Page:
Lawrence McMullen knew his chance of surviving liver cancer for one year was zero – without a liver transplant. With a transplant, his odds jumped to 50/50.
“I was playing a game called ‘time’,” said. McMullen, 55, of Chesterfield – “Mac” to his friends and co-workers. “Any chance to live was a plus to me.”
He got that chance Nov. 3, with a liver transplant at Barnes-Jewish Hospital.
McMullen had hepatocellular cancer (HCC), one of the most common cancers in the world. Though it is not as common in the US, the number of HCC patients has risen dramatically in the last five years, and will continue, according to Dr. Will Chapman, director of the HCC clinic at Barnes-Jewish Hospital. That trend will continue because HCC often results from chronic hepatitis B and hepatitis C infections. With an estimated four million Americans infected with hepatitis C, Dr. Chapman expects an explosion in HCC in the next few years.
New medication regimens have been effective in slowing or halting hep C, and several treatments, all available at the HCC clinic, have shown promise in treating early stages of HCC. These treatments include chemoembolization, radiofrequency ablation and chemotherapy. The HCC clinic’s goal is to keep the disease under control and keep the patient as healthy as possible until they receive a transplant.
But Dr. Chapman notes that both hep C and HCC are often silent diseases – with the hepatitis virus or the liver tumor causing no outward symptoms until the disease is in its later stages.
This was the case with McMullen. He had always been active. He had worked as a registered nurse for 25 years, many of those as a surgical assistant, “an extra set of hands,” for some of the best cardiac surgeons in the country. He hunted, fished and traveled with his wife, Nancy. They raised a son. McMullen had noticed he was slowing down a little. But he chalked it up to normal aging.
“I noticed that I wasn’t quite as full of vim and vinegar as I used to be,” he said.
When his father-in-law had surgery in 1995, McMullen donated blood. He was stunned when the blood bank called to say his blood tested positive for hep C.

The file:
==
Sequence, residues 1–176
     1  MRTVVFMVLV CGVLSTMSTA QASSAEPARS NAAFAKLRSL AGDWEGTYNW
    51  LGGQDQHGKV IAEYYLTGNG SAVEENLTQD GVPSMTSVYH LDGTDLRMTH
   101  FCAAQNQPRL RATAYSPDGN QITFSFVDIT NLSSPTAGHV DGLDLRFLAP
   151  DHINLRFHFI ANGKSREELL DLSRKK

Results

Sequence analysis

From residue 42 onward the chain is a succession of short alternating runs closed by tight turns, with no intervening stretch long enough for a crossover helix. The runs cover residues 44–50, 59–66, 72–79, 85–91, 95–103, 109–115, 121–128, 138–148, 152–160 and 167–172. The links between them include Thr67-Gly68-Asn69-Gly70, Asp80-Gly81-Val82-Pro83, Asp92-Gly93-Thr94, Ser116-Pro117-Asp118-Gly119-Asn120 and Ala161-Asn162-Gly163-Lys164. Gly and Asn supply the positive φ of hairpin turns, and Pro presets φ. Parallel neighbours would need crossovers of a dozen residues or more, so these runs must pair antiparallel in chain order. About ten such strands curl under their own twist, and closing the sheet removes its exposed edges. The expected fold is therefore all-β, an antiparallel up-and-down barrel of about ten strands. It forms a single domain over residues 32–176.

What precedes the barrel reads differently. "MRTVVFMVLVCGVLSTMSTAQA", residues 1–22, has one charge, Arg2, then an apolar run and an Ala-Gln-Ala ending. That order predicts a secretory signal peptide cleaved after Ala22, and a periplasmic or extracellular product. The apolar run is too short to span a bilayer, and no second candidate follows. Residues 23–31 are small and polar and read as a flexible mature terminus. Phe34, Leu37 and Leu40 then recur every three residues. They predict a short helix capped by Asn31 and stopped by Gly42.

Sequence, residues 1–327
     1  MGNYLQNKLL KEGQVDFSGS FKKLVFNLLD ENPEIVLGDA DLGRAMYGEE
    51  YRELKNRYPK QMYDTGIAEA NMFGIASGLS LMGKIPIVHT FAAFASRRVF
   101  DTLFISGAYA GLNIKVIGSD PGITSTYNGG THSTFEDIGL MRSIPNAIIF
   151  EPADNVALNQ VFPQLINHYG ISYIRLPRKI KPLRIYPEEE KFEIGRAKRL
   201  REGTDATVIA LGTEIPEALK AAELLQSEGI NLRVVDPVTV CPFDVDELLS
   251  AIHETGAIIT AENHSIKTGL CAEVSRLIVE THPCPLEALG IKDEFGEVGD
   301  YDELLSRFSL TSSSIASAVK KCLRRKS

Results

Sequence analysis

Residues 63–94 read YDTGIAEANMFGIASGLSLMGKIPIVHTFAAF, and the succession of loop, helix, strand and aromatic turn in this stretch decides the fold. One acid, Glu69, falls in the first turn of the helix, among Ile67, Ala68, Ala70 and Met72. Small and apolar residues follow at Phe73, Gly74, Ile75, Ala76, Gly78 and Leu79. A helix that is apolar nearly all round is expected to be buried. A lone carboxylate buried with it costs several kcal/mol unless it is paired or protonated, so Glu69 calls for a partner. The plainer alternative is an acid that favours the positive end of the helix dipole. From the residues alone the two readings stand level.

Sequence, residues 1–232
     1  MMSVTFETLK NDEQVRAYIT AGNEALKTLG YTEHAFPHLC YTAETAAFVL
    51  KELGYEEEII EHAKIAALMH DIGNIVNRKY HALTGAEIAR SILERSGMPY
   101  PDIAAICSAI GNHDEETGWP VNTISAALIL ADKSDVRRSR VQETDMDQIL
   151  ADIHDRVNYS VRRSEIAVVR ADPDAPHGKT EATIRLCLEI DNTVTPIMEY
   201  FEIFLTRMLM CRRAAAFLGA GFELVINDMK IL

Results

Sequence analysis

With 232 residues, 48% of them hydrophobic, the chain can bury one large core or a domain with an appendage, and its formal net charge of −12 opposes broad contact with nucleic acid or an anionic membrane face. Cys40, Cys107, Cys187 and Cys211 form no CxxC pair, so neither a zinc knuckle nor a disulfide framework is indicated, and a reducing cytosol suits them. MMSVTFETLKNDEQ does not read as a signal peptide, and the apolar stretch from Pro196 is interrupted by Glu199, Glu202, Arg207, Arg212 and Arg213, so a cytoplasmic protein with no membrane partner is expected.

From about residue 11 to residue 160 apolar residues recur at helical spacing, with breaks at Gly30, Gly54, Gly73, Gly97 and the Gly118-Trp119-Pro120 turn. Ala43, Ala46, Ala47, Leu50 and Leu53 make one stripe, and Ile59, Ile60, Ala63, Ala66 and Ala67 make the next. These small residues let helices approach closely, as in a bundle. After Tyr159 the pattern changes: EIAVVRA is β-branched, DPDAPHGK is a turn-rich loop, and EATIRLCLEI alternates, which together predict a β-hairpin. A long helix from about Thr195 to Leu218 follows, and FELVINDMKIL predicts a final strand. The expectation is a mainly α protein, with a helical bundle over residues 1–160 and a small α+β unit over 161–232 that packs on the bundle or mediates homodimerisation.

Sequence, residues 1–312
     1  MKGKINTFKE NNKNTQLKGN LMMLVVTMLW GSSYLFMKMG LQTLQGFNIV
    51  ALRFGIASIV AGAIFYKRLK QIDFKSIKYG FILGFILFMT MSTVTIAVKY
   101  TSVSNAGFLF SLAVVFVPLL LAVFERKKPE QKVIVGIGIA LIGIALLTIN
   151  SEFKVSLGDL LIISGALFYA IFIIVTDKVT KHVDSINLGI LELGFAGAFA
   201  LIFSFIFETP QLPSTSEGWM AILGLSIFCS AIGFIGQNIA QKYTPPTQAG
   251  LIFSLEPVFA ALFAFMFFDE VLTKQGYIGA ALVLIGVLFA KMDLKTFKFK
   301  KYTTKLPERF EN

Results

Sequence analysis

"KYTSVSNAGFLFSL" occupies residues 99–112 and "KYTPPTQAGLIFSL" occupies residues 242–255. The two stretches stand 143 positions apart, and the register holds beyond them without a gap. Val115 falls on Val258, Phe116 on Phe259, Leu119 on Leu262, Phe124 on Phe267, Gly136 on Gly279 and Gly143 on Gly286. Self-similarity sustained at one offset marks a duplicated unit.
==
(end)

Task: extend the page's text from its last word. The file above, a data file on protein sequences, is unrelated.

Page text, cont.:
The hepatitis C virus is spread through contact with blood. McMullen doesn’t know exactly when he was infected, but career in cardiothoracic surgery meant frequent blood exposure to patients’ blood.
In 2001, his gastroenterologist referred him to Washington University School of Medicine hepatologist Dr. Jeffrey Crippin, one of the leading hep C experts in the world and medical director of the Barnes-Jewish Hospital liver transplant program. Dr. Crippin started McMullen on a drug regimen that can put the hepatitis into remission. But the drugs lowered McMullen’s platelet count. All doctors could do was monitor his condition to try to catch liver failure or cancer as early as possible.
McMullen’s liver scans were clear until April 2004, when doctors found two tumors. McMullen was immediately sent to Dr. Daniel Brown, interventional radiologist with the Siteman Cancer Center at Barnes-Jewish Hospital and Washington University School of Medicine, for chemoembolization treatments.
Chemoembolization is a way of delivering cancer treatment directly to a tumor in the liver. Under x-ray guidance, a small catheter is inserted into an artery in the groin. The catheter's tip is threaded into the artery in the liver that supplies blood flow to the tumor. Chemotherapy is injected through the catheter into the tumor, mixed with particles that embolize or block the flow of blood to the diseased tissue, thus attacking the cancer in two ways.
McMullen underwent three chemoembolization treatments, enough to do “pretty serious damage to the tumors, but not enough,” he said.
He was evaluated for liver transplant. His transplant nurse coordinator, Paloma Reichert, RN, sent the paperwork to the United Network for Organ Sharing on Oct. 16. Reichert told McMullen that could be two to six weeks before he was placed on the list. Early in the morning on Nov. 3, he got a call from Reichert that not only was he listed, but a liver had also become available.
Despite his confidence in his doctors and the transplant staff at Barnes-Jewish, McMullen said he was nervous on this drive to the hospital for the operation.
“You think you can prepare yourself for something like this, but you can’t,” he said. “It occurred to me that this could be the last day of my life.”
But the transplant went well, with McMullen recovering quickly. Only five days after the surgery, McMullen had a cardiac catheterization to have a drug-eluting stent placed in a partially –blocked cardiac artery. Two days later, McMullen was discharged from the hospital – only seven days after his transplant.
Since then, he regained his energy and focused on enjoying his family – especially granddaughter Izabella.
But the other family he thinks of often is the family of his donor. He gives thanks daily for family who made the generous decision in the midst of a difficult time to donate their loved one’s organs.
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